Samuelson: Alibaba IPO signals new era in Chinese capitalism

Robert Samuelson

WASHINGTON – Alibaba, China’s giant e-commerce firm, is a harbinger.

We are going to see more Chinese firms venturing out onto the world stage. The most ambitious are no longer content to operate just in China or act as manufacturing contractors for well-established American, European and Japanese brands. More and more of them will raise money in global capital markets (as Alibaba did in its “initial public offering” of stock), acquire foreign firms and set up foreign manufacturing and distribution operations.

It will be tempting to view this expansion as the next phase in China’s state capitalism: a consciously orchestrated move by the government and the Communist Party to increase Chinese influence and market power abroad. This is at best a simplification and at worst a mistake. The more likely explanation is that privately owned Chinese firms – albeit with the blessing of the party – want to be global players for their own reasons.

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State capitalism is often viewed as China’s ability to control the economy through its state-owned enterprises, which receive preferential bank loans and government subsidies. Indeed, China’s leaders have sometimes attempted just that. But the reality is murkier: These efforts have usually failed and private companies have been China’s main engine of economic growth. So argues economist Nicholas Lardy of the Peterson Institute in a new book, Markets Over Mao: The Rise of Private Business in China.

Since 1978, when premier Deng Xiaoping launched China’s economic reforms, there have been two basic transformations of the economy, Lardy writes. The first has been the shift of pricing decisions from government agencies to the marketplace. In the late 1970s, few prices were set in the market; by 2003, more than 95 percent of retail and food prices were established by private buyers and sellers. Some prices – for gasoline, electricity, water, railroad freight, postal services and telecommunications – are still government controlled, but these exceptions are “commonplace in other market economies,” Lardy notes.

In economic theory, market pricing promotes efficiency and growth. Prices rise for products or services in short supply, prompting existing producers to expand or new companies to form. Similarly, competitive pressures favor efficient over inefficient firms, rather than imposing identical prices on both.

The second major transformation, Lardy says, has been the steady shift of production away from state enterprises to private companies. This, too, favored efficiency and growth, because private firms have greater incentives to maximize profits by keeping costs down and providing products that meet market demand.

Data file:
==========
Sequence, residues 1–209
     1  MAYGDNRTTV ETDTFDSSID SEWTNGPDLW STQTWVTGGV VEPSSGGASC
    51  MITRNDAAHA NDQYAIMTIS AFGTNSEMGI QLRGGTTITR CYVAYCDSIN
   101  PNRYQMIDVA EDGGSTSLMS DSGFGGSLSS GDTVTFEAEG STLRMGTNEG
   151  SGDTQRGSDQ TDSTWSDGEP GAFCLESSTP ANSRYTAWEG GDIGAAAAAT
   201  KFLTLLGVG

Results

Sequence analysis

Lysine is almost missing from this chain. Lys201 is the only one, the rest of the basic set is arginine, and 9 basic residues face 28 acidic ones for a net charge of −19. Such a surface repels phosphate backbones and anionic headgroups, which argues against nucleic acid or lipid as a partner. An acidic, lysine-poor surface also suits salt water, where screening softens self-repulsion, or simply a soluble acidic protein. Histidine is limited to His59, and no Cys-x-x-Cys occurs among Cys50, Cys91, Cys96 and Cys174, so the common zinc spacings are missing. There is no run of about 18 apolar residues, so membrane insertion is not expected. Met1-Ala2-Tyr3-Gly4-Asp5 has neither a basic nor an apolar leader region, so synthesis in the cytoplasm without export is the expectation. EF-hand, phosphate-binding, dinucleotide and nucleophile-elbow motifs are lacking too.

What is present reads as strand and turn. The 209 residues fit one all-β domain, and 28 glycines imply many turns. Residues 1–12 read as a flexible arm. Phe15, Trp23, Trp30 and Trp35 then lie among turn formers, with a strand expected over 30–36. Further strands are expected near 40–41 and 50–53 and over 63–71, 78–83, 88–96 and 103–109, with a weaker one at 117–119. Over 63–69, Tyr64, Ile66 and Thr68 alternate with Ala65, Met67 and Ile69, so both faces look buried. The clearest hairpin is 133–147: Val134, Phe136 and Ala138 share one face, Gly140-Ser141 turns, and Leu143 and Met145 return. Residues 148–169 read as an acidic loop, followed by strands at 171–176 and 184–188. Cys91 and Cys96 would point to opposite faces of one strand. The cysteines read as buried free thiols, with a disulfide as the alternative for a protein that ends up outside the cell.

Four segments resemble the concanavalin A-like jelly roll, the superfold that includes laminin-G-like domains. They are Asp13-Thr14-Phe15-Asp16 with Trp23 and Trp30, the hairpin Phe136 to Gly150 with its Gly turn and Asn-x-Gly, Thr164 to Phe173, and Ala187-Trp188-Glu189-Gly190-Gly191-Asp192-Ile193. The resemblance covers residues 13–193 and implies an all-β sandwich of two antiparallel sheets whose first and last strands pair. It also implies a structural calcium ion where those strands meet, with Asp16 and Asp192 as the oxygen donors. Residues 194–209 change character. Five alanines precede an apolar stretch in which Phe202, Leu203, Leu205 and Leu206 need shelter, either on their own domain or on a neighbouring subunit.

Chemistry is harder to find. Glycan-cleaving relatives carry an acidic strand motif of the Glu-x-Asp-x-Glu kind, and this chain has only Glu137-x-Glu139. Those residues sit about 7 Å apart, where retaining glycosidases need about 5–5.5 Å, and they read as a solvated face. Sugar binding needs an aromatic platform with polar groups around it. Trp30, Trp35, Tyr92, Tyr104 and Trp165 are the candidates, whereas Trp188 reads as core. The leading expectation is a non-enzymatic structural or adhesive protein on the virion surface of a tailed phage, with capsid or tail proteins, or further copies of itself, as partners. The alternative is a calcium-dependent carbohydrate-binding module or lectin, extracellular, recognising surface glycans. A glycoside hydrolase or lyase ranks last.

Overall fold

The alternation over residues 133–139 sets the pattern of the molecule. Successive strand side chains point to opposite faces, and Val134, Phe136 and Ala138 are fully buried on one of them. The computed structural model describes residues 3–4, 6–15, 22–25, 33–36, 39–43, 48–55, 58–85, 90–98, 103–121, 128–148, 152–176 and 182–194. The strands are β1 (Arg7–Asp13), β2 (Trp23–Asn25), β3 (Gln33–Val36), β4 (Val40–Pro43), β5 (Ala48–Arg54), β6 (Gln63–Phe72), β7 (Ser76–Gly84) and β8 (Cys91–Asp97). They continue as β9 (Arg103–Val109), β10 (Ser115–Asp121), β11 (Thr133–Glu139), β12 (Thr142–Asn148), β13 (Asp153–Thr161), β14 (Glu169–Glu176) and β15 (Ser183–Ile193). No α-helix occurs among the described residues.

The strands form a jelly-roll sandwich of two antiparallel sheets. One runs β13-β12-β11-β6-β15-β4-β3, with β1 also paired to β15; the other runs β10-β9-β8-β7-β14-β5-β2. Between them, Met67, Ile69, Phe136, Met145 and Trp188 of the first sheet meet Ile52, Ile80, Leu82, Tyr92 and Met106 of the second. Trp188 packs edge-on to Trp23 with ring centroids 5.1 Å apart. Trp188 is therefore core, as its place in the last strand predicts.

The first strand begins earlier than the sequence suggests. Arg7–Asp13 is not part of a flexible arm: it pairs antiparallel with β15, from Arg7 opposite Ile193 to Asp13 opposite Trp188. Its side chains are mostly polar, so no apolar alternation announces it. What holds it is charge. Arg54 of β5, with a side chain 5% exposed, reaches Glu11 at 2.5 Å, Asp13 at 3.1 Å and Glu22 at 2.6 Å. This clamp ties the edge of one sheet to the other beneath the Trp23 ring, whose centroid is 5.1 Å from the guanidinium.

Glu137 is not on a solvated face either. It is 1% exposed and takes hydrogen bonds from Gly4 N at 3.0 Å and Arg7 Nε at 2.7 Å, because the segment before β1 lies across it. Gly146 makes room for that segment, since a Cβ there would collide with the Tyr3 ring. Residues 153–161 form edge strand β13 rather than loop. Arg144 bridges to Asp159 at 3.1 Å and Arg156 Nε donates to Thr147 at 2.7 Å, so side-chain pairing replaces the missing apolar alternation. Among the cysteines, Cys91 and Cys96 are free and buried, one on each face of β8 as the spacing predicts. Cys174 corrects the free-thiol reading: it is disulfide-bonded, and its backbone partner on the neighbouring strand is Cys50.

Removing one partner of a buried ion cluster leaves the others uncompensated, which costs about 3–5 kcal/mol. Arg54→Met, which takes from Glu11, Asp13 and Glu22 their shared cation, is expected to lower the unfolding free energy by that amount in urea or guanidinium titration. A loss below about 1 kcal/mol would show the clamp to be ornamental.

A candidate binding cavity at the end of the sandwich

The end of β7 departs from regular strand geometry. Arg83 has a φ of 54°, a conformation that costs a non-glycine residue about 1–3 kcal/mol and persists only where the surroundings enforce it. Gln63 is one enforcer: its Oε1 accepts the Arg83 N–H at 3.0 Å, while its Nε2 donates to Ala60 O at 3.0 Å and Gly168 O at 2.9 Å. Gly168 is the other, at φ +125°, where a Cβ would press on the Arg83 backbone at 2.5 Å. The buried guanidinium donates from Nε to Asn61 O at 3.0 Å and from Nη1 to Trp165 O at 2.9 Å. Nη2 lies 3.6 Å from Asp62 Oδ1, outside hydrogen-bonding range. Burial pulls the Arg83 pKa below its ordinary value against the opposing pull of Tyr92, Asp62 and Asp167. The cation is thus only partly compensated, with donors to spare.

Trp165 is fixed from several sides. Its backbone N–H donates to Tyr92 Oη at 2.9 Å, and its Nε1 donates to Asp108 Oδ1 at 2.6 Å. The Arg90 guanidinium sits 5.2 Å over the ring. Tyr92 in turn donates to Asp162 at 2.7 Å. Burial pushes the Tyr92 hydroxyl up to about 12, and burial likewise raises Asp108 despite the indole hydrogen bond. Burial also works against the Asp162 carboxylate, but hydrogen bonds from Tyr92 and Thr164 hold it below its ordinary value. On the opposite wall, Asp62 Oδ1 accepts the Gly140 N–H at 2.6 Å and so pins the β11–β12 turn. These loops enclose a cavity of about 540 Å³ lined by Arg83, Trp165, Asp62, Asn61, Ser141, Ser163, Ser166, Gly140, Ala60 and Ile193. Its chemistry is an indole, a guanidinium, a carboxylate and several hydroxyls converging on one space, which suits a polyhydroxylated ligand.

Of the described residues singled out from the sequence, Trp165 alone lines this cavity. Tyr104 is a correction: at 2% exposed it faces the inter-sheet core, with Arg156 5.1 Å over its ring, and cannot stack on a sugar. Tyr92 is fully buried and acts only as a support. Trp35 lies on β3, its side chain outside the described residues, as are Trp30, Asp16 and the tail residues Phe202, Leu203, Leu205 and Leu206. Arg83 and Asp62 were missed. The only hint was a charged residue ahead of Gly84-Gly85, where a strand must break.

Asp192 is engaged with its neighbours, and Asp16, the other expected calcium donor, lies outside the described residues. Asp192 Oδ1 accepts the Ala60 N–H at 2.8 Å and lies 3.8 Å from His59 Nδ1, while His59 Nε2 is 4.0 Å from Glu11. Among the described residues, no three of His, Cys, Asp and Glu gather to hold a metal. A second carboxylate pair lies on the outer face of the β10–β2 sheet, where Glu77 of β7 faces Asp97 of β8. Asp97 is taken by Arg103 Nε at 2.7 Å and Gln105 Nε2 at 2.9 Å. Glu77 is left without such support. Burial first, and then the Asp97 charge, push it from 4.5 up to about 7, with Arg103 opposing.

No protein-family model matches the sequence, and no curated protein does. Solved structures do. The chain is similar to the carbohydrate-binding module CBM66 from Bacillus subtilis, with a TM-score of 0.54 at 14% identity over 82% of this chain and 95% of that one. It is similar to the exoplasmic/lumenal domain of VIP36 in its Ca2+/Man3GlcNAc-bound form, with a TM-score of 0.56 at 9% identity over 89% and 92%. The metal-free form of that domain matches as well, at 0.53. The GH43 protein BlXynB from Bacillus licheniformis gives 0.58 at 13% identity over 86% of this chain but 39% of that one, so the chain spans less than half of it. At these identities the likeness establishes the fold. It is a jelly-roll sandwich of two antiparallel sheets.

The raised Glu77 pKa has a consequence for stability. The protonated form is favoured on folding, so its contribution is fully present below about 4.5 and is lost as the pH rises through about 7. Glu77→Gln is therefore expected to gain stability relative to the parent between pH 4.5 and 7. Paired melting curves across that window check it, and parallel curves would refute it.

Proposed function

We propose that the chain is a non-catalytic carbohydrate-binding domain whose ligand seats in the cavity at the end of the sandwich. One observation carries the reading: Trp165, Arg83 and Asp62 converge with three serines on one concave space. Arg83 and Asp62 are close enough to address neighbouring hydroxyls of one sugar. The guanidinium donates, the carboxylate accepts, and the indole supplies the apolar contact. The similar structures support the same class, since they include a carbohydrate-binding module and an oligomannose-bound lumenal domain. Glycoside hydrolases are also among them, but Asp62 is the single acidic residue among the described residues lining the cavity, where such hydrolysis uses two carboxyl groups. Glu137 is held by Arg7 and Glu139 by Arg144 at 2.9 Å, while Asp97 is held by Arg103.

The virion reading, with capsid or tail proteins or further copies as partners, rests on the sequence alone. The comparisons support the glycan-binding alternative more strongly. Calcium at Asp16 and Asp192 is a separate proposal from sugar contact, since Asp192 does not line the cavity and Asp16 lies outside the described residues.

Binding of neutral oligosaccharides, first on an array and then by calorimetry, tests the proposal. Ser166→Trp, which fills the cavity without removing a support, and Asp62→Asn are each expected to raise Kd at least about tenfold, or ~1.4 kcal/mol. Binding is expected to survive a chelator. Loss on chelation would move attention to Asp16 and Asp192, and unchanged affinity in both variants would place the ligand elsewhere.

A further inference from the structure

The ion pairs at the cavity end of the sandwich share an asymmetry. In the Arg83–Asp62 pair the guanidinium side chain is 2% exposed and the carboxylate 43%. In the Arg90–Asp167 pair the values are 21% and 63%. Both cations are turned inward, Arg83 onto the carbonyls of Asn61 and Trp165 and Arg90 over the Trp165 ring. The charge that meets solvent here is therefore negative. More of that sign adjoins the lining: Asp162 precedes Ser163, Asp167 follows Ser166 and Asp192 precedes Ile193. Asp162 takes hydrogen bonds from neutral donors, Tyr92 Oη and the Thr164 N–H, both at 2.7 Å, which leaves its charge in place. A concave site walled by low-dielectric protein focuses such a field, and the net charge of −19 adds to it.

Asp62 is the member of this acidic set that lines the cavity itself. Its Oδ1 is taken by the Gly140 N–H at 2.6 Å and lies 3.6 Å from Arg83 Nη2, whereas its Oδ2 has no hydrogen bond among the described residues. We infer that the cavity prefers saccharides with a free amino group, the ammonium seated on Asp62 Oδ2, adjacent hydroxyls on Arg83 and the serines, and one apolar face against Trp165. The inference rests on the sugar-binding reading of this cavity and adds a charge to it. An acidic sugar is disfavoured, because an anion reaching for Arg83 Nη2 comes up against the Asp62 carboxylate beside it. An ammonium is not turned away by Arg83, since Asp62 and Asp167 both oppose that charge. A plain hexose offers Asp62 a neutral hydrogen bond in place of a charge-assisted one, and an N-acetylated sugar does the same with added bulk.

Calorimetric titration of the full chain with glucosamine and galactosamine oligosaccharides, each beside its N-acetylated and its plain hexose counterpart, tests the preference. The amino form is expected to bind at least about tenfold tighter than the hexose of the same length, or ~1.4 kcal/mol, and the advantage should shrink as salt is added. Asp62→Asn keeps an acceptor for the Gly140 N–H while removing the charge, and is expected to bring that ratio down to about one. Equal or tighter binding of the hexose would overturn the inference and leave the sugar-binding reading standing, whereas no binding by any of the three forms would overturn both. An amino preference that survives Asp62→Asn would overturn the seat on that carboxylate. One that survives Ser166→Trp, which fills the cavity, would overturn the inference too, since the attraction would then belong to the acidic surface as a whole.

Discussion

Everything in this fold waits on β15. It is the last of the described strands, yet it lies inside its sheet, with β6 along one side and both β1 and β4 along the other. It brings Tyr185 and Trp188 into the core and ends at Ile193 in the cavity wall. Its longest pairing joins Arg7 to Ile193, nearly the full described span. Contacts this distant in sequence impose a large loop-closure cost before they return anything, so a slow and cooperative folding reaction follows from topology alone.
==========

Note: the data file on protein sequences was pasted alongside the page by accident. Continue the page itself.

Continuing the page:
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An impressive array of statistics buttresses Lardy’s conclusion. By 2011, state-owned companies represented only 26 percent of China’s gross industrial output, down from nearly 80 percent in the late 1970s. In 1978, private employment – mainly small mom and pop firms – was less than 1 percent of the total in urban areas. Now it’s about two-thirds, estimates Lardy. (Note also that these figures exclude farm workers and employees of foreign-owned firms; both are overwhelmingly private.)

To be sure, many powerful state firms, most prominently three huge oil companies, endure. But the gradual expansion of private firms will continue, Lardy argues, for one compelling reason: Private firms are more profitable than state firms. That gives them more retained earnings from which to finance new investment; this more than offsets state firms’ preferential access to bank credit and government subsidies. In 2012, Lardy reports, private firms’ rate of return on assets – a broad measure of profitability – was nearly triple that of state businesses: 13.2 percent versus 4.9 percent.

State capitalism is an elastic term; it can mean whatever people choose it to mean. Lardy has debunked one common version: that the state-owned businesses enable the government to guide economic growth. But he hasn’t dispensed with the important question of the nexus between the Communist Party and China’s businesses. As he notes, the party has eagerly recruited entrepreneurs as members, and entrepreneurs have often eagerly sought to use party connections to advance their business interests.

Who dominates and for what ends? As Chinese business expands abroad, it’s still an open question how much they are driven by commercial interests and how much they serve as instruments of state policy. Similarly, it’s unclear whether or how much, in its domestic laws and regulations, China discriminates against foreign firms to give local companies an advantage. But these are questions for another day.

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Robert Samuelson’s column is distributed by The Washington Post Writers Group.